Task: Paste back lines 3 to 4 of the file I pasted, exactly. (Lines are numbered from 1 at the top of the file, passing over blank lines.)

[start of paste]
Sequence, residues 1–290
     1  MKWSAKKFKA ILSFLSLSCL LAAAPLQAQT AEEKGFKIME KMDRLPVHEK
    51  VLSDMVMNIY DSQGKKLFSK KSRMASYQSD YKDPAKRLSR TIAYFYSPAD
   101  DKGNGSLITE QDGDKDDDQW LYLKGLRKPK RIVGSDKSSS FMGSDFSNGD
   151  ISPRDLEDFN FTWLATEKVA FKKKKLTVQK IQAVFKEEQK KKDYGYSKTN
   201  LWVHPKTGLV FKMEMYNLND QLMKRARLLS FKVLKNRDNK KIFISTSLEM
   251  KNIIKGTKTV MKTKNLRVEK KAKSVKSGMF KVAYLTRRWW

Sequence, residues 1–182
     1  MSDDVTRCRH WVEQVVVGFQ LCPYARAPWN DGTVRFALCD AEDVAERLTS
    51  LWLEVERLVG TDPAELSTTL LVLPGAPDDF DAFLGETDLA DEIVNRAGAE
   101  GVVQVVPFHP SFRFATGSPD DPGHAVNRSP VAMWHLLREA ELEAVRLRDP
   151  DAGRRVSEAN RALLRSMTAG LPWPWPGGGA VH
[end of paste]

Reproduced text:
    51  VLSDMVMNIY DSQGKKLFSK KSRMASYQSD YKDPAKRLSR TIAYFYSPAD
   101  DKGNGSLITE QDGDKDDDQW LYLKGLRKPK RIVGSDKSSS FMGSDFSNGD